Think of cloud computing, and chances are you envision large-scale, centralized data centers running thousands of physical servers. But that’s only one, if the main one, among an increasingly diverse array of cloud possibilities.
According to Mark Collier, chief operating officer of the OpenStack Foundation, an organization dedicated to the distribution of an open-source cloud software platform, the need of most organizations for near-instant access to data and compute resources is driving them to the edge, to edge computing, that is.
As he explained the emerging cloud option in a recent column, “edge computing pushes applications, data and computing power services away from centralized data centers to the logical extremes of a network, close to users, devices and sensors. It enables companies to put the right data in the right place at the right time, supporting fast and secure access. The result is an improved user experience and, oftentimes, a valuable strategic advantage. The decision to implement an edge computing architecture is typically driven by the need for location optimization, security, and most of all, speed.”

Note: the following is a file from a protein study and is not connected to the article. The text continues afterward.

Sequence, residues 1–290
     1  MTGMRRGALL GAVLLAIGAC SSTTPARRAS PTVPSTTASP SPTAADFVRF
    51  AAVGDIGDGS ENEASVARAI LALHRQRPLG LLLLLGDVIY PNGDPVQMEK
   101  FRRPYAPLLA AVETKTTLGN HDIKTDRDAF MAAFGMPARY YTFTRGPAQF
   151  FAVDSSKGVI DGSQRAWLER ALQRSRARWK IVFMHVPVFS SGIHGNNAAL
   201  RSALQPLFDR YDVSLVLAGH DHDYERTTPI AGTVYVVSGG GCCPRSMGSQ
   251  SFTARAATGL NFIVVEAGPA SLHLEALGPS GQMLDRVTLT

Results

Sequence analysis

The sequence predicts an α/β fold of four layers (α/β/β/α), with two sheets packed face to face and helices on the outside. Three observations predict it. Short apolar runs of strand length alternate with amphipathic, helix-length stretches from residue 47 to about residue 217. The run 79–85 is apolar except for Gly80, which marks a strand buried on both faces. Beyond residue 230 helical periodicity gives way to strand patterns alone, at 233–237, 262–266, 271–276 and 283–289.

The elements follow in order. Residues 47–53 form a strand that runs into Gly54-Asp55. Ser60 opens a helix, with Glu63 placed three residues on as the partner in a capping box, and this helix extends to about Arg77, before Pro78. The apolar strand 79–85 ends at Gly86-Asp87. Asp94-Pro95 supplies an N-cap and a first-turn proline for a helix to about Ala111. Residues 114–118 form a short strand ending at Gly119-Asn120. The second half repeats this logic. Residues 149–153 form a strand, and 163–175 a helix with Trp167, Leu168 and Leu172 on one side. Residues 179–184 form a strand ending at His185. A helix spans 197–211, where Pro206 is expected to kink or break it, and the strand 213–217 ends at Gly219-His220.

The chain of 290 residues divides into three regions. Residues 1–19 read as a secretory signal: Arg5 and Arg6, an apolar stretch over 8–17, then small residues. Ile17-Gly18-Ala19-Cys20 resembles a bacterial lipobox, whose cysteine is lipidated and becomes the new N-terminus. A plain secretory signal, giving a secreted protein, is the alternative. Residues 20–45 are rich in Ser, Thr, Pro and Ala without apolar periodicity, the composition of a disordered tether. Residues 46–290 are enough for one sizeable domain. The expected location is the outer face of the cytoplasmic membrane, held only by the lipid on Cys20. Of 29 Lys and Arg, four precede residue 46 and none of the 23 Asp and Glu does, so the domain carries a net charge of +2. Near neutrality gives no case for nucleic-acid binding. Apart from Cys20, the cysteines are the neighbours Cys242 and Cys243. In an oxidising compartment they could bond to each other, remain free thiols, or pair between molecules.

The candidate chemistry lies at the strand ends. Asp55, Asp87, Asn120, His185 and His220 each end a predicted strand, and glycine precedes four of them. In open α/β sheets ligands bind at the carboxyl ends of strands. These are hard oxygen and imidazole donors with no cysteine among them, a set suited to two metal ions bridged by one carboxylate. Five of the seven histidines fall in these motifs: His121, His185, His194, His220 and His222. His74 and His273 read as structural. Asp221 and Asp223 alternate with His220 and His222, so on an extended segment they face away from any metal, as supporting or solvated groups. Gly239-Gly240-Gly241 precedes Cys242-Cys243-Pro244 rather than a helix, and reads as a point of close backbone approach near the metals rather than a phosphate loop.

By no means is edge a replacement for cloud computing, Collier insists. Rather, “it is the natural evolution. As more devices generate more data and more demand for compute and storage, it becomes more efficient to push cloud capacity to the edge.”
Telecoms are pioneering edge cloud, Collier says, with cell towers providing an obvious entry point, but he says many industries including retail and manufacturing are following closely. From robotics-driven warehouses to oil rigs to self-driving cars and hospitals, the use cases are only beginning to be defined.
“Eventually,” he predicts, “your mobile devices will be connecting to mini data centers in your coffee shop or even at the end of your street.”